The largest team of senior trade officials ever to leave China has just spent two weeks in Brussels convincing worried Europeans that the trade potential of the People's Republic is not so bad after all.
Their visit, which ended April 10, was occasioned by the so-called EEC-China Business Week, which was initially planned as a simple get-acquainted meeting for the Europeans and the Chinese. But it became suddenly laden with meaning only weeks ago when the Chinese canceled $2 billion worth of foreign projects in China, including several petrochemical and steel plants to be built by European, Japanese, and American companies.
Western businessmen were clearly shaken by the cancellations, fearing the beginning of the end of hopes of blossoming business in the world's most populated country. "The halcyon days seemed over before they began," a European executive said.
But the Chinese have said that the cancellations heralded nothing more than a temporary shift in focus during a period of "readjustment." Nothing so drastic as closed-door leanings had been intended, the Chinese said.
In fact, for much of their stay in Brussels the 100 Chinese delegates wandered the chandeliered corridors of the Sheraton Hotel in their Mao suits telling 500 European businessmen, bankers, and government officials --business world -- that capitalists were still loved and needed.
"Readjustment does not mean making backward steps only," Vice-Minister for Foreign Trade Jia Shi said. "It involves both retrenchment and expansion."
Certain projects "which are not urgently needed or are beyond our present capabilities" will be discontinued or postponed, Jia Shi said. "But continued efforts will be made to expand production in agriculture, the light and textile industries, and consumer goods." Also high on the list of priorities will be improving energy production, communications, and transportation, and raising the level of science, education, public health, and culture.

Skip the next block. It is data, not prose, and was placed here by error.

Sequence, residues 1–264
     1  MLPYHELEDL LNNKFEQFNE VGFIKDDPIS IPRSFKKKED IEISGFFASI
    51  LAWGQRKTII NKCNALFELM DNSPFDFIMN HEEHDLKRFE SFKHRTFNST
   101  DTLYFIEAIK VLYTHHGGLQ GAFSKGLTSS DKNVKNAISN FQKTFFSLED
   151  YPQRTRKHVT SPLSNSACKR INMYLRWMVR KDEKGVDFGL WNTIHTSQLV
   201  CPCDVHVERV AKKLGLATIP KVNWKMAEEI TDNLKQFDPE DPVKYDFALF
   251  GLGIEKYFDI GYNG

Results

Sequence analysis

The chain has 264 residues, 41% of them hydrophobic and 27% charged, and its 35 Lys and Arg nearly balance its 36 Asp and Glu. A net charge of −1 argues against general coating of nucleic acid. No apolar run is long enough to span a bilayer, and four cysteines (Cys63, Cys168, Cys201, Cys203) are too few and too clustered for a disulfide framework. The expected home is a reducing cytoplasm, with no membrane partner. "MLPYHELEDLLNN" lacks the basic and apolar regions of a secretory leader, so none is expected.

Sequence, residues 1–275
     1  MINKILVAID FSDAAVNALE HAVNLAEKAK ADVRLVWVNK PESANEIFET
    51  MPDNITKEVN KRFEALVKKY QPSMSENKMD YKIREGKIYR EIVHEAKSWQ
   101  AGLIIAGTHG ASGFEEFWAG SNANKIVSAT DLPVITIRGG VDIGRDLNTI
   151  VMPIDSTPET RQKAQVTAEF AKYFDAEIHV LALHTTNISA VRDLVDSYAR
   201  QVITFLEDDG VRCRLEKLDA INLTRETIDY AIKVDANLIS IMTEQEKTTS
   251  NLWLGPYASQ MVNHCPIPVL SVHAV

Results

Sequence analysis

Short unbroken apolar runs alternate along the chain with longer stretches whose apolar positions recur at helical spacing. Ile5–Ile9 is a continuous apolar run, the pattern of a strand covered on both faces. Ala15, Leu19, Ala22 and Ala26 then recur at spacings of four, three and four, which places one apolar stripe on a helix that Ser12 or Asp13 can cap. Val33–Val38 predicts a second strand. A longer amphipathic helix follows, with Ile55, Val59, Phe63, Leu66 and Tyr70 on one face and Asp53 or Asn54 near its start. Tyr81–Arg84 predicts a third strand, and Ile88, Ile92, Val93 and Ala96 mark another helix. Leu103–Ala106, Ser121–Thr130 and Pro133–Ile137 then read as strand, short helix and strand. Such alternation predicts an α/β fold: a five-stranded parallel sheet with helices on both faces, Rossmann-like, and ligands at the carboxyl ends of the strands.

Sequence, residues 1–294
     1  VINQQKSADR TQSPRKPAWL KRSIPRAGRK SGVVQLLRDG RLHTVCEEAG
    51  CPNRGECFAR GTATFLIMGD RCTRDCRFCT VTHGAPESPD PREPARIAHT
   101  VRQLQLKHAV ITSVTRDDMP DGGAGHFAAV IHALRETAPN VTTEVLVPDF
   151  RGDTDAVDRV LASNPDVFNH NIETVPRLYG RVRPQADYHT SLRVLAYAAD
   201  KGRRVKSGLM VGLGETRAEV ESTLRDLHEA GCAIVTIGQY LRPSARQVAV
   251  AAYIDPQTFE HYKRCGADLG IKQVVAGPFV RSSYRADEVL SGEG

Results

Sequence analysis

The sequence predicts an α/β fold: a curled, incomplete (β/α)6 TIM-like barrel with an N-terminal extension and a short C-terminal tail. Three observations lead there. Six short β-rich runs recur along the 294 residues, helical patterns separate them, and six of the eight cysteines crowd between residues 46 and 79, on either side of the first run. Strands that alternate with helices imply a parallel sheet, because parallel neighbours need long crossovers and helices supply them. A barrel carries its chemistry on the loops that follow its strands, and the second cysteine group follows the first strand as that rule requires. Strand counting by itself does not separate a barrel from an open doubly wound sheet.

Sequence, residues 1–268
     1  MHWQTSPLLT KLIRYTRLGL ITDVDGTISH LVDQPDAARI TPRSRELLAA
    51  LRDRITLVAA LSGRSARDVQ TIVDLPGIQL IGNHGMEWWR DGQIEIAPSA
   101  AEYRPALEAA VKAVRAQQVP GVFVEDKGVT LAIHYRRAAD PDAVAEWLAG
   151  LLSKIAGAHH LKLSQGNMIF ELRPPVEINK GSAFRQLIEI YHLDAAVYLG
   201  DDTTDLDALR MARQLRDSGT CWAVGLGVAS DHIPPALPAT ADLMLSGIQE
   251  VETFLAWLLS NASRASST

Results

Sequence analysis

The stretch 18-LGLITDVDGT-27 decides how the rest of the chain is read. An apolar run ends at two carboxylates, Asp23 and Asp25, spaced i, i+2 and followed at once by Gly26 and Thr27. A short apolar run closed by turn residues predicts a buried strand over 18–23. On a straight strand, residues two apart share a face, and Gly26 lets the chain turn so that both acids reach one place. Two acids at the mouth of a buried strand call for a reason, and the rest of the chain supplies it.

Imports of technology, equipment, and materials in those fields will be increased, he said, and overall foreign trade will continue to grow. "Prior consideration will be given to importing equipment and technology which can add to our export capacity."
The Chinese have been saying all along that recent Western fears over trade and investment potential in their country have stemmed from initially outsized expectations. A developing country with a population of 1 billion could not help being a business bonanza, Westerners have reasoned.
But the Chinese have argued that growth would not be unqualified and unlimited, and that priority would be given to fulfilling long-term goals, not short-term expediencies.
Misleading, too, has been the meteoric rise in China's total import-export turnover in the past four years -- from $14.8 billion in 1977 to $36.6 billion last year. A slow down has been almost inevitable at some stage, and it is coming sooner rather than later.
"There is still plenty of trade and investment potential," a US official in Brussels said, "but finding the right formula to match the shift in emphasis in China's economic development will be the challenge."
European businessmen agree with that assessment after the Brussels meeting. Chinese officials have stressed to them they will need new and flexible strategies to deal with China's new priorities, including a shift away from heavy industry to light industry with export potential.
Chinese officials at the EEC-China Business Week, meanwhile, assured the country's main trading partners -- the EEC, Japan, and the US -- that slowly expanding trade in agricultural and manufactured products can be expected. Imports of raw materials, energy-exploitation equipment, technical expertise, and managerial expertise will also be needed to meet domestic production and construction demands, the Chinese officials said. American grain and cotton and European chemicals and fibers are said to be high on the list.
Whether the Chinese hold to their plan remains to be seen. In the meantime, they are holding the doors open. Gu Mu, the Chinese vice-premier and the third most influential policymaker in the country, has said, "We are ready to have extensive cooperation with the EEC and other friendly countries. I am convinced that there are bright prospects for our economic cooperation and t wo-way trade."